The above title is from a song, I think by Cole Porter. I promise before I leave this post I will look it up and give the proper credit. But for right now, let’s think about what those words say to you. Usually in the early evening, there are movements, ripples of humanity echoing and ricocheting throughout the neighborhood. A dog barks at the couple walking their dog before turning in for the night. Cars are still shushing by. Planes are still grumbling across the sky. But as the darkness covers the town, things get quiet. By the time midnight and the single digit o’clocks roll around it’s very quiet indeed. It is usually at this time of the night that your fears and worries catch up with you. After all, there’s nothing left to distract you. It’s just you and the creaky floorboards. As a person who wears hearing aids, this quiet comes as soon as I sit down on the bed, even if I’m not going to sleep for another couple of hours. I noticed that if it snows, it gets even quieter! Not that I’m wishing for that right now. It’s just an observation.
And so, in the still of the night, while shepherds were hanging around the hillside, the sound of heavenly voices burst in. Heavenly voices...not the cute little kids singing Away in a Manger, but full-throated angels voices. Yikes! We’ve been discussing angels in the Wednesday evening class and we pretty much agree that angels have to tell you, “do not be afraid,” whenever they show up because if an angel shows up, it is pretty significant stuff! And the shepherds didn’t just see one, like Mary. They had a whole chorus, contingent or whatever a groups of angels are called. Behold, they said, tidings of great joy, they announced. And then that multitude of the heavenly host. And the still of the night was no more.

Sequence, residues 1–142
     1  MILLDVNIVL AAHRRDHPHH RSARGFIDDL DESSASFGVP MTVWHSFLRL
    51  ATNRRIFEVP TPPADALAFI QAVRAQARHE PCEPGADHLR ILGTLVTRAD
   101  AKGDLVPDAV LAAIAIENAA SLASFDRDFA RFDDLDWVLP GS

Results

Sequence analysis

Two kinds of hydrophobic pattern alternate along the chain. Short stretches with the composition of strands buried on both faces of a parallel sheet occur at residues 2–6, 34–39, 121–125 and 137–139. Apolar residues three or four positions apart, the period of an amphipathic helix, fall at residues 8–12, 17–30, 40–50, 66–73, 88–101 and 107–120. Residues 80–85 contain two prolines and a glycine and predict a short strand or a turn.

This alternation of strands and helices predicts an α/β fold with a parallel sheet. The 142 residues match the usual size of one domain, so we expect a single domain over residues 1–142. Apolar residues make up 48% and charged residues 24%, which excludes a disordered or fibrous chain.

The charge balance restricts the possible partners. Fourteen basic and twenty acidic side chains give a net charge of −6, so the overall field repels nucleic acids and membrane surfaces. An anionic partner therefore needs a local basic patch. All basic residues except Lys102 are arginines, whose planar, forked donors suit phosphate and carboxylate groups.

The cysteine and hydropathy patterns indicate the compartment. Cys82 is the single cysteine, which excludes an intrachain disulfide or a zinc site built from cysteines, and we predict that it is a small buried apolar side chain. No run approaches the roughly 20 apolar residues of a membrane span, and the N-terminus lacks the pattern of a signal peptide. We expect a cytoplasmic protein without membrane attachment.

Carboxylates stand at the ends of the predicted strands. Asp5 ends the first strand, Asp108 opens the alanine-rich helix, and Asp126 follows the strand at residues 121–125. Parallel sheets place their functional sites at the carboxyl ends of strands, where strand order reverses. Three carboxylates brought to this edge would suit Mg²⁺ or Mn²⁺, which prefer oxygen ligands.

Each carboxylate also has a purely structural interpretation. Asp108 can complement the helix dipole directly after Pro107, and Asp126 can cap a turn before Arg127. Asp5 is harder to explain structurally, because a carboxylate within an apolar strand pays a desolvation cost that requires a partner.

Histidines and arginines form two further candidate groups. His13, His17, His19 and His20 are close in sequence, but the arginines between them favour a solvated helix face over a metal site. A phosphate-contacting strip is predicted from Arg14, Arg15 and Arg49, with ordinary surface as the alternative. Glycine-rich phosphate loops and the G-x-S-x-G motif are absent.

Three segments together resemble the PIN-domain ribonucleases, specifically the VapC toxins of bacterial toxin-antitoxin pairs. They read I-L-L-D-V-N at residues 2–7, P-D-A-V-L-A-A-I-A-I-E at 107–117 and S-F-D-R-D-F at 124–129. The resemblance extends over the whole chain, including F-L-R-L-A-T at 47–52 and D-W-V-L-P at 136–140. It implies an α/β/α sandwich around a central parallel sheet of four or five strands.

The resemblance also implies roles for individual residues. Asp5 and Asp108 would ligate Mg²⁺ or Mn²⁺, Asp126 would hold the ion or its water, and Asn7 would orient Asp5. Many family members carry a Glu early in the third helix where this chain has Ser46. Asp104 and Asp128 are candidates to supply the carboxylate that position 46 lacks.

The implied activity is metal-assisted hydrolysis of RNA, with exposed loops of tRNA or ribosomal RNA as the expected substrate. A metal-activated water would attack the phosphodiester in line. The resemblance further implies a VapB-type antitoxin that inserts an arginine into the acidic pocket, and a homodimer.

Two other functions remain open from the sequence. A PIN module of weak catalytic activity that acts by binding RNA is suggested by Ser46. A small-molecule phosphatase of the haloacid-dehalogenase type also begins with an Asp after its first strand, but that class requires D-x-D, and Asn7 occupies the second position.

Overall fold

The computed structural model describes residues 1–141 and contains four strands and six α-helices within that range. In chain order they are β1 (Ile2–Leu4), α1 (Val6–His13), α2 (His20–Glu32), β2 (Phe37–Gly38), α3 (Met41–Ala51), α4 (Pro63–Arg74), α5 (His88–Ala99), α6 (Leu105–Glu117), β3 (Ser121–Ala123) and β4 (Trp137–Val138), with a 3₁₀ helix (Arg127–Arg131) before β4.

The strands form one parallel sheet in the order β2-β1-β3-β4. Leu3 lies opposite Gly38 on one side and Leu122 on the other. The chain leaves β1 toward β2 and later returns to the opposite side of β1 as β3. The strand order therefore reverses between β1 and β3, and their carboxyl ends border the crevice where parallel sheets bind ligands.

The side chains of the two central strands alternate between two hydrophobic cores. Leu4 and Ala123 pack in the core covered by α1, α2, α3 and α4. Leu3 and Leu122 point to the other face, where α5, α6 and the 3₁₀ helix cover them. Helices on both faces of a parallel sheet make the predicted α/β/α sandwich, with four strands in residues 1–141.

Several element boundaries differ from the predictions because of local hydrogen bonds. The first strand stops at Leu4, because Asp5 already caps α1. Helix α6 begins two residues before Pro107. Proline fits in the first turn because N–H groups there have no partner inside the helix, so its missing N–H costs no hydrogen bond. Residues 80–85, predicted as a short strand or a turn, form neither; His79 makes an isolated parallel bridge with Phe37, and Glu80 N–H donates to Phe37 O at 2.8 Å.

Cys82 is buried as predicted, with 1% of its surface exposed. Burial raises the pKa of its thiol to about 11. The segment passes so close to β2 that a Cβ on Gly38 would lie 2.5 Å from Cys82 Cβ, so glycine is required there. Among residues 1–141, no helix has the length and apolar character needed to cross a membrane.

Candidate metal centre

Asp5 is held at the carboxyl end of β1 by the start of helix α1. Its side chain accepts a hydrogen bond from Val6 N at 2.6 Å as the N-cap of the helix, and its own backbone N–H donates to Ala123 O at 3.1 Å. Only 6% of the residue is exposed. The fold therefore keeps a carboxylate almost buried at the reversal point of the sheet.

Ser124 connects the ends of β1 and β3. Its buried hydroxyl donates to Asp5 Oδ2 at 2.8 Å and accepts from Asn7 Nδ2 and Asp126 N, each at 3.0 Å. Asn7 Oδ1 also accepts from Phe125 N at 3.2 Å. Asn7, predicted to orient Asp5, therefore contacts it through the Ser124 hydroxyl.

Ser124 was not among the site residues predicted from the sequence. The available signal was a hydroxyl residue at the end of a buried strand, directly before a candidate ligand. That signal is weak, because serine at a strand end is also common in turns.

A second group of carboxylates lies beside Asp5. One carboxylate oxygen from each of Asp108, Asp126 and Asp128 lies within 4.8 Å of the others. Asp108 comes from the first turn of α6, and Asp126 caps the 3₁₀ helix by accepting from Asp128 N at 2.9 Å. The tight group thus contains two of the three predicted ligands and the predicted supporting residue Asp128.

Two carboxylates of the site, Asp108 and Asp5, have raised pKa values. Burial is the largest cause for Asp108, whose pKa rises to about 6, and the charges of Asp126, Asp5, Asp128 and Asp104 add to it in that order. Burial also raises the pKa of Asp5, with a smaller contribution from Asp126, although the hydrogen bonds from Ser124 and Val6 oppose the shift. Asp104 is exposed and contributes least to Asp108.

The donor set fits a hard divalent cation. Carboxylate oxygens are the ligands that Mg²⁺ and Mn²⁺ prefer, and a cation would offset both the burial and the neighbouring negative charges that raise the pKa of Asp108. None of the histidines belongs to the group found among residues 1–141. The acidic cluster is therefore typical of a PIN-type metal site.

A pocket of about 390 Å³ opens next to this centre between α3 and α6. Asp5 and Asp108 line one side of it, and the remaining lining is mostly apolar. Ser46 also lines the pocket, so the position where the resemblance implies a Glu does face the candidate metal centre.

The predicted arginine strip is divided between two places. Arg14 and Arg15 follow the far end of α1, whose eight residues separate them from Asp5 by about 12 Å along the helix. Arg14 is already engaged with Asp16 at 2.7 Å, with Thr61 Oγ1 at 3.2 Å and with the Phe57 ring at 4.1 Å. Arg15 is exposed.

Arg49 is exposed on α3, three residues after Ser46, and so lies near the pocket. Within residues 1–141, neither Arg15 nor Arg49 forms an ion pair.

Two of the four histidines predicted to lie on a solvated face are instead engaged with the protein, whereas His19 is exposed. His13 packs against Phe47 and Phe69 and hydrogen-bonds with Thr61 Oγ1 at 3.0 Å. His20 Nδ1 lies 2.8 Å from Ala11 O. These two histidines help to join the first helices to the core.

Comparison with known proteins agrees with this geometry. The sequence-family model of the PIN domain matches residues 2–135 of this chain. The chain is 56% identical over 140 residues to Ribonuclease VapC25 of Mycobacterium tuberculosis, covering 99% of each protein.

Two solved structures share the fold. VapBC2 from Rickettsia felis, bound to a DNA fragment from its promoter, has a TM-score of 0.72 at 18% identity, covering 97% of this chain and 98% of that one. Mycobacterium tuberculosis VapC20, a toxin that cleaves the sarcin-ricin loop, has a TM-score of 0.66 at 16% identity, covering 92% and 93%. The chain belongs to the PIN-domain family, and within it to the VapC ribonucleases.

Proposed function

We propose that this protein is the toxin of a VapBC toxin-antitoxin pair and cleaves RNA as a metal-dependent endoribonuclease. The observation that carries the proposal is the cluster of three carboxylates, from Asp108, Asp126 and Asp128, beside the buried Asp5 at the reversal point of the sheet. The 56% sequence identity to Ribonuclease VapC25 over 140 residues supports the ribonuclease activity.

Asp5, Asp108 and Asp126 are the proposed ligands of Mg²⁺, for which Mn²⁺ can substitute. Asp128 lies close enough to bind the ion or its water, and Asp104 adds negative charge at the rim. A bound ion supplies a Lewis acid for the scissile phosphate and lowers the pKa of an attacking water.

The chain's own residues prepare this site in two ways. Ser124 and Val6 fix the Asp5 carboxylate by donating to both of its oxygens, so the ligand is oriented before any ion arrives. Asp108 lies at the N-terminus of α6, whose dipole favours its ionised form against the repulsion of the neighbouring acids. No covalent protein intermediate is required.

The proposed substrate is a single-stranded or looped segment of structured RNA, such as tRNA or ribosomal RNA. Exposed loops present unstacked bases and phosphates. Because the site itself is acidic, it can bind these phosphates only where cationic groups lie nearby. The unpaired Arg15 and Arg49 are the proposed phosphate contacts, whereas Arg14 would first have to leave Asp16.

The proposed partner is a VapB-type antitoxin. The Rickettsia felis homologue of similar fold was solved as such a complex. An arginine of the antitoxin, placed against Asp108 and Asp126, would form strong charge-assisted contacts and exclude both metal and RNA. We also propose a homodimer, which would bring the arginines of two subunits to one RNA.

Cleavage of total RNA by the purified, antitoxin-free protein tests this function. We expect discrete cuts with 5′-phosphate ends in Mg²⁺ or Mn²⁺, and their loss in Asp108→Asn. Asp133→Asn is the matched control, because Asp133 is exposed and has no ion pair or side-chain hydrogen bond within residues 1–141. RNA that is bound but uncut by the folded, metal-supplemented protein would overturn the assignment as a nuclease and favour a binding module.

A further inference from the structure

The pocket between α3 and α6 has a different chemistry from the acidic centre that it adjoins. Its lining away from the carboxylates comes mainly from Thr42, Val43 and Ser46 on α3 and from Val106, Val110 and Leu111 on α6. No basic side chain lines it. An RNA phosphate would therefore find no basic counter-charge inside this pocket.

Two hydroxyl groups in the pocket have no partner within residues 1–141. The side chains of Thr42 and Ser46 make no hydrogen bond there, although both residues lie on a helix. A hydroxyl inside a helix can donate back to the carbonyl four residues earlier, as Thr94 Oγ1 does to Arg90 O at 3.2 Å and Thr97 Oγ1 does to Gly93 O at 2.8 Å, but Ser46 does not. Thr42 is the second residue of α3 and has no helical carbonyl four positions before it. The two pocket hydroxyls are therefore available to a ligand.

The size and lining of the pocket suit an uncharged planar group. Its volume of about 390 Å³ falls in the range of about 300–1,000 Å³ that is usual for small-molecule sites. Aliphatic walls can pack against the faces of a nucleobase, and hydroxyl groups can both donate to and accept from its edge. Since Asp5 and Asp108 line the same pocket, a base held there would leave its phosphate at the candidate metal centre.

What would that that have been like, I wonder? I’m rather cowardly, so I don’t imagine it would have been a peaceful moment for me! But to hear those voices especially in the dark of the night, when all is, as the song says, “in the chill, still of the night.” Just think about that.
**I forgot that a 50’s song was also called this. But the version I’m thinking of was published in 1937 and written by Cole Porter.